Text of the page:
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Assessing your communication options
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pixel.gif (807 bytes) Where does that leave us?
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THERE IS NO DOUBT that we could achieve better results and save a considerable amount of time and money if we always used the right method to meet our particular communication objectives. Whether the analysis presented here helps us make the right decisions is for you to decide. Depending on your own experience and view of the world, you may consider it over-simplified or an incidence of ‘analysis paralysis’. If you can improve upon it, I would welcome your suggestions.

Whatever the case, there is a danger of making methods our starting point – ‘we have a satellite TV network, what can we do with it?’ Clearly that is a case of a solution looking for a problem. As always, we should start with the goal, the purpose of the communication, and ask ourselves what method or combination of methods is most likely to achieve this goal? Let’s take some examples:

  • The training department of a major airline had the problem of how to communicate details of their 1000+ courses to their workforce. These details were constantly changing along with user demands and paper methods just couldn’t keep up. They employed an intranet, which allows them to reach all their employees wherever they are in the world and provide them with the latest information.
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  • There’s a danger of seeing technology as a panacea. Having analysed its business requirements carefully, one of the UK’s largest financial institutions decided that traditional classroom techniques were the best solution to develop telephone skills in their call centre operators. However, a CD-ROM was employed alongside to provide a flexible means for instilling basic knowledge and understanding, which trainees could use at their own pace and at any suitable time in the training programme.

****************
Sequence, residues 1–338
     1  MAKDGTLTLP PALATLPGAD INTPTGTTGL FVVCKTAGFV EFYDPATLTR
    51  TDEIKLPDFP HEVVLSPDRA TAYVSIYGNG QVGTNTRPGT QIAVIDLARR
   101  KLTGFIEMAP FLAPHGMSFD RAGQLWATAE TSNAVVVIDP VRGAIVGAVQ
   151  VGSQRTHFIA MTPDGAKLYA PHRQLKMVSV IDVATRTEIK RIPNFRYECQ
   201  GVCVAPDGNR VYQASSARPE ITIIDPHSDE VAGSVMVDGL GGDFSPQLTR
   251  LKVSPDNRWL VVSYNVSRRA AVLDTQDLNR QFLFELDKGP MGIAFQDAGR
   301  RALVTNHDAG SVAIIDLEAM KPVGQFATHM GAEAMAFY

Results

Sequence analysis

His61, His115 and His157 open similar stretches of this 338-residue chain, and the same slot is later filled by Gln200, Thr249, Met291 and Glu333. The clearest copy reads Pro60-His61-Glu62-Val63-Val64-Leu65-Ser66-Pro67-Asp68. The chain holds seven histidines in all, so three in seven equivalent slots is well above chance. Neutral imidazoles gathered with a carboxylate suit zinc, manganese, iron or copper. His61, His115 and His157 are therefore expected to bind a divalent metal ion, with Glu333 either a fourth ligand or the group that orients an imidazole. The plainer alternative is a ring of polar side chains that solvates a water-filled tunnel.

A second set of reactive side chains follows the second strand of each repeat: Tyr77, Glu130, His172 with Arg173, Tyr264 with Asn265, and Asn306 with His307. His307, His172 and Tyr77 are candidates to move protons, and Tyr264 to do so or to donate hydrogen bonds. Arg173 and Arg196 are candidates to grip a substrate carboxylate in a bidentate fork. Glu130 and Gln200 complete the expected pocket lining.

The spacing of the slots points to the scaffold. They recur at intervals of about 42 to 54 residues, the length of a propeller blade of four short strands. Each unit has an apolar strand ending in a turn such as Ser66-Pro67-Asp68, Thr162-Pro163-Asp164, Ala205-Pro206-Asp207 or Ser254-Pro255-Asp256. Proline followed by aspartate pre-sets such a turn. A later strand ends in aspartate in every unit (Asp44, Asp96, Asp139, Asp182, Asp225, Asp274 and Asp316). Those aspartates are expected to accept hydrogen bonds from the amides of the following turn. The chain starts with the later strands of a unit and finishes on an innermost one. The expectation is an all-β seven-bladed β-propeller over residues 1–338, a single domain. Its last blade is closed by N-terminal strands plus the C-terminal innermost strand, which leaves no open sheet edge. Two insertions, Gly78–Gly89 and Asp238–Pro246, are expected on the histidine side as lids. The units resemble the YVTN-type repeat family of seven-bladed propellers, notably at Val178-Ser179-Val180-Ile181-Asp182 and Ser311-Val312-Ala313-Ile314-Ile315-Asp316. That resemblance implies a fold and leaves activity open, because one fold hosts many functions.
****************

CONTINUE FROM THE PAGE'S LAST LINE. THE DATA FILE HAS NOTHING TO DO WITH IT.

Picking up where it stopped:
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  • With a typically complex major communications exercise, a mix of methods will usually be required. A major retailer utilised a wide array of techniques as part of its change management programme for introducing its intranet: a number of demonstration machines were made available in the staff restaurant; a special edition of the staff newsletter was produced; a briefing document was issued to managers; a video was produced to put across the vision for the intranet and to set the tone; all employees had the chance to attend a demonstration and Q&A session; a programme to train new users how to use the intranet was included on the intranet itself.

To help in analysing these situations and choosing the most appropriate options, I have developed a decision-making tool in the form of both an Excel spreadsheet and a series of web pages that can be installed on an intranet. I will be happy to make these available to any readers who are interested in trying them out. Happy communicating!

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                                                     Fastrak Consulting Ltd, 1998. All rights reserved.                                 Last revised 2/11/98.